We should heed two recent warnings in The Post on the issue of privacy: Earl Ravenal's July 23 op-ed piece, "Heart of the Constitution," and the July 24 editorial "Mapping Medical Privacy." In the former, Mr. Ravenal asks, "Where is it written that American police officials (that is, crime, drug and tax officials) must have access to every communication, every transaction, among American citizens and any other persons in the world?" The Post editorial points out that most regulations concerning data from hospitals and health maintenance organizations "predate the era of instantaneous, and therefore dangerous, electronic data sharing."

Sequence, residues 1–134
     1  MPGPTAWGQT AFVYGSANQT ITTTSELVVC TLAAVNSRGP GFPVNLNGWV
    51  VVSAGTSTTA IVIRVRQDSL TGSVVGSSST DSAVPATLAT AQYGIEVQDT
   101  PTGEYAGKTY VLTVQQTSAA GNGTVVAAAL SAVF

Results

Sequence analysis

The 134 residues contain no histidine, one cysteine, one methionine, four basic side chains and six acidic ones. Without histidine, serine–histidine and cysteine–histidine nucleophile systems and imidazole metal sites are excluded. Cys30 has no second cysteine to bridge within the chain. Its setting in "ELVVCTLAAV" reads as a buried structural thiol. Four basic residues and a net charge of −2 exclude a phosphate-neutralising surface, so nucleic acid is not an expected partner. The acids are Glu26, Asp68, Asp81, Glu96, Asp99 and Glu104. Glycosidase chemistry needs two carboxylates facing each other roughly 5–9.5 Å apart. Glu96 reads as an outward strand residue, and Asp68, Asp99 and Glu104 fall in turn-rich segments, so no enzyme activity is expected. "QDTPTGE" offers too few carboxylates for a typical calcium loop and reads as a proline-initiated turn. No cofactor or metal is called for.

As a physician and psychoanalyst, I am especially concerned about the issue of access to the sensitive, extremely personal material that my patients communicate to me. Confidentiality is essential to any mental health professional's work. The guarantee of privacy for a patient to express wishes, dreams, fears is the sine qua non of any effective psychological treatment in which the trained listener understands Plato's dictum, "The virtuous man is content to dream what the wicked man does."

It is of note that the only place in the United States that offers protection from this dangerous and unacceptable invasion of privacy is the District. Here, the Mental Health Information Act forbids the transmission of patient records to third-party payers. Ironically, the one exception to those protected by this act are employees using federal health insurance programs.



Baltimore-Washington Institute

For Psychoanalysis